Hepatovirus A is present in the blood (viremia) and feces of infected people up to 2 weeks before clinical illness develops. 
Hepatitis A can be prevented by vaccination, good hygiene, and sanitation.  
The two types of vaccines contain either inactivated Hepatovirus A or a live but attenuated virus.  Both provide active immunity against a future infection. The vaccine protects against HAV in more than 95% of cases for longer than 25 years.  In the United States, the vaccine developed by Maurice Hilleman and his team was licensed in 1995,   and the vaccine was first used in 1996 for children in high-risk areas, and in 1999 it was spread to areas with elevating levels of infection. 
The vaccine is given by injection. An initial dose provides protection lasting one year starting 2–4 weeks after vaccination the second booster dose, given six to 12 months later, provides protection for over 20 years. 
The vaccine was introduced in 1992 and was initially recommended for persons at high risk. Since then, Bahrain and Israel have embarked on elimination programmes.  Australia, China, Belarus, Italy, Spain, and the United States have started similar programmes. The incidence of hepatitis A where widespread vaccination has been practised has decreased dramatically. In China and the United States, the incidence of hepatitis A has decreased by 90% since 1990.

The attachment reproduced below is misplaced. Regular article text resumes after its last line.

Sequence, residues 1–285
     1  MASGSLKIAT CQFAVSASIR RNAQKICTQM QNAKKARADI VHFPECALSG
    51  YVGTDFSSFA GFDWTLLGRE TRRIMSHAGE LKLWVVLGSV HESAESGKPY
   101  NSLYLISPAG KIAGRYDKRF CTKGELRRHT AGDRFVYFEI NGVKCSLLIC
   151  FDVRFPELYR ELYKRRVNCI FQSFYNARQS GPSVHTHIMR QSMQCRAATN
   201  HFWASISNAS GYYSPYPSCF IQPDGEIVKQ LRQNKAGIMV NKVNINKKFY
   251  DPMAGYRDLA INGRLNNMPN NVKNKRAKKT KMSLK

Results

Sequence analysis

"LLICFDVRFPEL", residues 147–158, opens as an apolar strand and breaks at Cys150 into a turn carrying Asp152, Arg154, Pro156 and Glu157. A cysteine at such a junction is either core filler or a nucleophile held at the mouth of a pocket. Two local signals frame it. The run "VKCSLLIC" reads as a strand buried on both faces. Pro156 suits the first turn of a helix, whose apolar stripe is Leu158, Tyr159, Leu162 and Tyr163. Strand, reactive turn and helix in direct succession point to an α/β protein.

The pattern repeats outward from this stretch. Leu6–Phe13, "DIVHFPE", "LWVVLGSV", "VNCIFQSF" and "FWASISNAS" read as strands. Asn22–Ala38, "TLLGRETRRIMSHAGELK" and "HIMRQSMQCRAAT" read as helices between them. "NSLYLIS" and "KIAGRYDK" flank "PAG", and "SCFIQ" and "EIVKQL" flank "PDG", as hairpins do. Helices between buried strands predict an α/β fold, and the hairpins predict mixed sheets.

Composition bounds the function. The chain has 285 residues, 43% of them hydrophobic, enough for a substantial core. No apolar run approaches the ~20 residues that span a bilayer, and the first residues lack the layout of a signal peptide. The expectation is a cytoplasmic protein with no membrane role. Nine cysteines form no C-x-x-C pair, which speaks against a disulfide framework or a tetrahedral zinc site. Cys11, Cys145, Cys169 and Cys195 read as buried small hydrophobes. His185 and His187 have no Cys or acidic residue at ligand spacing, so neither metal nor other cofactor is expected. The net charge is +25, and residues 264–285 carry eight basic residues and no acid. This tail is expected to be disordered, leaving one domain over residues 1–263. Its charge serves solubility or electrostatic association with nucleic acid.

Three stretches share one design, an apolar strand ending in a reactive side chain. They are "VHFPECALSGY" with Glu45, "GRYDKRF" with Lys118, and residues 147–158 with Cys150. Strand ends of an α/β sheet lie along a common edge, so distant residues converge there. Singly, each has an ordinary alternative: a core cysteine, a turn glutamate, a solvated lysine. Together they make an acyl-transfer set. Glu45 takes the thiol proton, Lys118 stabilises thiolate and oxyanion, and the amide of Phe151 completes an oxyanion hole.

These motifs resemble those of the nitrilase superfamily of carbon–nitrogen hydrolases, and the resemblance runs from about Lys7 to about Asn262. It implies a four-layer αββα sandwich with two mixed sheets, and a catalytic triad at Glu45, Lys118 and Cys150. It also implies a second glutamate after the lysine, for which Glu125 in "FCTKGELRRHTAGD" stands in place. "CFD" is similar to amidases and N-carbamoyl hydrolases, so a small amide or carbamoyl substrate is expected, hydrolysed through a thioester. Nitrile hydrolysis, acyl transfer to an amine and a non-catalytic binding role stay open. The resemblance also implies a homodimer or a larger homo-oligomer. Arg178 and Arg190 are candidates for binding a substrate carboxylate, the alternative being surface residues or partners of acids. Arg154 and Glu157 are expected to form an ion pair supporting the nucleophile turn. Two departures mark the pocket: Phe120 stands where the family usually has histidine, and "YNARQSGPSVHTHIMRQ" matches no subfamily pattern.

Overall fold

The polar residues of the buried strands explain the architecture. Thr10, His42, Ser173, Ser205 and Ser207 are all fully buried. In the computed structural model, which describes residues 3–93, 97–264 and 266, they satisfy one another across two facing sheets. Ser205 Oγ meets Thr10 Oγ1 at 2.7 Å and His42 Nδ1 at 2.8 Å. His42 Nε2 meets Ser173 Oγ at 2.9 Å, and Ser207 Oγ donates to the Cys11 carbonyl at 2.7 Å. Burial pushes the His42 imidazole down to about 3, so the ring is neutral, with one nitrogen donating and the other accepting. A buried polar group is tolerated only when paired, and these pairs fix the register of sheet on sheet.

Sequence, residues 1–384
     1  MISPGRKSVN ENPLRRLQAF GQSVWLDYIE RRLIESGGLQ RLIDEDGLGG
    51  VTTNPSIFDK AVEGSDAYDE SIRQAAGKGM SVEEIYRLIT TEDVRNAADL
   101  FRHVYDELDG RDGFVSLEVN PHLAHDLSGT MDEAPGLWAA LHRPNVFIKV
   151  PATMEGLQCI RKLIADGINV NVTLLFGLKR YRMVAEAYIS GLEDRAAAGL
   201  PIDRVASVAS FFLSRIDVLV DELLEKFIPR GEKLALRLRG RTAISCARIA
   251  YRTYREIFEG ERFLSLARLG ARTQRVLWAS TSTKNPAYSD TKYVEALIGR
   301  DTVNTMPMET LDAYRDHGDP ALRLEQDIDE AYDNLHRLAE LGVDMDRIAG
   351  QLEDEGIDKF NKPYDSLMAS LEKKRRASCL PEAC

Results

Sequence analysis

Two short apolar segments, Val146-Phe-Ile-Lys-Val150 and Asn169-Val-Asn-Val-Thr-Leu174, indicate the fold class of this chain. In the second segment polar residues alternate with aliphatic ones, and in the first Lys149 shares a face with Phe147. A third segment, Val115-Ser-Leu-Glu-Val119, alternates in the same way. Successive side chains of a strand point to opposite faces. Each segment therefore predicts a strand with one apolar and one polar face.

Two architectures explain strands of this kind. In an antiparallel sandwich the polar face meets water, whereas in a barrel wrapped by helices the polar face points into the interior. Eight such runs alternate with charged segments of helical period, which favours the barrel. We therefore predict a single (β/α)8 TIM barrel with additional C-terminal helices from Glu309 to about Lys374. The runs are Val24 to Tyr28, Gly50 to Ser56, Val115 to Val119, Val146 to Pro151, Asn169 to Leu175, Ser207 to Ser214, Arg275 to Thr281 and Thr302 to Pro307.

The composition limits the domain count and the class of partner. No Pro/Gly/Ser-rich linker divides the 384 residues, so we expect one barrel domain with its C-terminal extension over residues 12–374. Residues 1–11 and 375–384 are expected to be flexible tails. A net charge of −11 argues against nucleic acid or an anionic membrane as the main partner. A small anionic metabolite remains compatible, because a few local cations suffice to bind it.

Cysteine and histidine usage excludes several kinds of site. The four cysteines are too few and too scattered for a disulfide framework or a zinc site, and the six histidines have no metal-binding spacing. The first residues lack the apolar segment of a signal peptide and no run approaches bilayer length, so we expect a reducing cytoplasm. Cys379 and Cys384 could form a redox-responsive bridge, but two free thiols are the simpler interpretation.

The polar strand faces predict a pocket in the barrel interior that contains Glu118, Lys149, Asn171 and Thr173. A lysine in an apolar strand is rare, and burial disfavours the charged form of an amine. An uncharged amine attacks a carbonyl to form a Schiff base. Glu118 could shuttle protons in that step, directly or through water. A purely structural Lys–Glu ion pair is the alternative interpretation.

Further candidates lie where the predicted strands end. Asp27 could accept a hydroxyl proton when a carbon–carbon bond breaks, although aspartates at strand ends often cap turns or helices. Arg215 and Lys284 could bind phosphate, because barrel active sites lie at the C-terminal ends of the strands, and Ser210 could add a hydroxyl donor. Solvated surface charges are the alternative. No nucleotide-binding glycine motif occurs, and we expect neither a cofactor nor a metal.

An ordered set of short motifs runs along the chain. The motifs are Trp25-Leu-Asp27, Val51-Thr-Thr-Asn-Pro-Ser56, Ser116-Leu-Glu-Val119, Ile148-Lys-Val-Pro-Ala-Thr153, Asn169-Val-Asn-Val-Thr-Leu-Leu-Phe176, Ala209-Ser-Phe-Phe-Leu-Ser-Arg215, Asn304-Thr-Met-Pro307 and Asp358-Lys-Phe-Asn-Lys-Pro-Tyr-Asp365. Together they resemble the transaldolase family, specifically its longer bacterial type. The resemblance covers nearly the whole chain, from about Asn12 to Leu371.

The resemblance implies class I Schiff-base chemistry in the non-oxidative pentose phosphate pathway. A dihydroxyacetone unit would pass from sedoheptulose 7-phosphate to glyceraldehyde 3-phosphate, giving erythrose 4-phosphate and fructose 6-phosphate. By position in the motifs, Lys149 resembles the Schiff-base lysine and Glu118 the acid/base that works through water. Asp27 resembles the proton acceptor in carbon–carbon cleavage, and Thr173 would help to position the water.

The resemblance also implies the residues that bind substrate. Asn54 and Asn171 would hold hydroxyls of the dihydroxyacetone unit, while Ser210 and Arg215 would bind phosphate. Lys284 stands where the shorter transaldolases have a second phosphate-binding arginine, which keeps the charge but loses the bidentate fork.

In the United States, vaccination of children is recommended at 1 and 2 years of age  hepatitis A vaccination is not recommended in those younger than 12 months of age.  It is also recommended in those who have not been previously immunized and who have been exposed or are likely to be exposed due to travel.  The CDC recommends vaccination against infection for men who have sex with men. 
No specific treatment for hepatitis A is known. Recovery from symptoms following infection may take several weeks or months. Therapy is aimed at maintaining comfort and adequate nutritional balance, including replacement of fluids lost from vomiting and diarrhea. 
In the United States in 1991, the mortality rate for hepatitis A was estimated to be 0.015% for the general population, but ranged up to 1.8 -2.1% for those aged 50 and over who were hospitalized with icteric hepatitis.  The risk of death from acute liver failure following HAV infection increases with age and when the person has underlying chronic liver disease. [ citation needed ]
Young children who are infected with hepatitis A typically have a milder form of the disease, usually lasting 1–3 weeks, whereas adults tend to experience a much more severe form of the disease.